You ask me for help, but I find it almost impossible to know what to say. Maybe that’s why I chose your letter.

I often find myself looking at the everyday world beyond this column and wondering how so many people navigate without any idea of ​​the pain others endure. They really think it’s a matter of willpower to “pull yourself together,” “move on,” and “start over,” when you and I know that’s not the same.

Love locked you into this marriage 25 years ago, and now love has locked you even further into your helpless devotion to this sick and difficult man, at incalculable cost to you.

In your longest letter, you tell me that one of your children has Down syndrome and that you worry about him, while you “break down every day” from being so exhausted by the present and so terrified of the future. This is a truly terrible situation.

Because your husband has always been the charismatic breadwinner, a musician (and certainly a flirt) accustomed to the adoration of women, I suspect you have always been accustomed to taking a backseat in your marriage.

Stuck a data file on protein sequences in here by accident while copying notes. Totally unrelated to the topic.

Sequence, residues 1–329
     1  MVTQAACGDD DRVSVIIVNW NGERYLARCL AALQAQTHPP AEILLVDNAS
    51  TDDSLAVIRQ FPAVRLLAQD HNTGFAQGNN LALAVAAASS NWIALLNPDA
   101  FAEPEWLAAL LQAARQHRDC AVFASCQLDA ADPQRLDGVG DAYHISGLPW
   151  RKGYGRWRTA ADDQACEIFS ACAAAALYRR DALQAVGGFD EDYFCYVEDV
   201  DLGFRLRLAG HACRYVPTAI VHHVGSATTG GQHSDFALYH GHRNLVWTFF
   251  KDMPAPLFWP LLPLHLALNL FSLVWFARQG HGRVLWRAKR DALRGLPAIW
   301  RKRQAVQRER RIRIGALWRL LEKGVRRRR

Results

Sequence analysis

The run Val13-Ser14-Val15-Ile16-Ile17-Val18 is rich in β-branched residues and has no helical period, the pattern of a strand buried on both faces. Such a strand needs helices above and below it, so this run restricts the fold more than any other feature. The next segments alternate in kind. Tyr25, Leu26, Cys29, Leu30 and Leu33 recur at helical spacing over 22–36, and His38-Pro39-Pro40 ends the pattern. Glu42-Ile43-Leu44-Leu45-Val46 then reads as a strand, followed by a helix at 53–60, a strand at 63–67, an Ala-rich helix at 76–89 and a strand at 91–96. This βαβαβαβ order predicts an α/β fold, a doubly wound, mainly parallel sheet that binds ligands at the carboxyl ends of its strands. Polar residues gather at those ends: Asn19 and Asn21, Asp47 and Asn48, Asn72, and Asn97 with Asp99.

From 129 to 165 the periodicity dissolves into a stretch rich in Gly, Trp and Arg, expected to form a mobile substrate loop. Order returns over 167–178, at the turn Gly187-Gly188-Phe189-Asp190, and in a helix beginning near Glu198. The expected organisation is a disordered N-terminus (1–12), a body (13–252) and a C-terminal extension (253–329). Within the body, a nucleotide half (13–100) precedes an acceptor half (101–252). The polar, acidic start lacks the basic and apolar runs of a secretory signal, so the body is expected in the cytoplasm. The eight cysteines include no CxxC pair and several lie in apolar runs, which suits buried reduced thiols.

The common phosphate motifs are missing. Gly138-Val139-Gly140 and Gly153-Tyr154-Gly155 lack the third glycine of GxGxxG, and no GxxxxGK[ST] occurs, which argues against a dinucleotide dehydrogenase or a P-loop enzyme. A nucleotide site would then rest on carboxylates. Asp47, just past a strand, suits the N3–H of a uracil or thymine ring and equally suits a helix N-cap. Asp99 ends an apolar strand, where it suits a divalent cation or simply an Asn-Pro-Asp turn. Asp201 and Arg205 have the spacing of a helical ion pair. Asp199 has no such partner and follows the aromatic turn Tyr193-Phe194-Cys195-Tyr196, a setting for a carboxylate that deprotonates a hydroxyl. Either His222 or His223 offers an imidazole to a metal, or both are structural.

In other words, let him take the lead.

You see, perhaps we could attribute his surprisingly selfish behavior to the onset of Parkinson’s (there are many symptoms, including impulsivity and other personality changes). You describe him as an “outsider”, so it might be helpful to read about Parkinson’s on the internet, just to understand a little more.

On the other hand, his terrible behavior may be due to his fear of aging and his desire to flex his muscles while he can.

I can’t help but wonder if you’ve always allowed yourself to be a doormat. Two floors? And not ‘allowing’ you to know the address of the premises? While you’re at home crying because the boiler broke, you’re freezing and there’s no money because he’s wasting it?

Oh, no, no, no, this is intolerable.

It’s interesting that when you actually confronted him and gave him an ultimatum (stop the online ’emotional affair’ or lose the marriage) he capitulated immediately.

You say he can’t stand any disagreement, but he was afraid enough of your righteous wrath to stop playing with a stupid online romance.

The only thing I can suggest is that you try again. Be brutal. Tell him to get rid of the apartments or the marriage will be over. Tell him that unless he does this he will never set foot in your family home again.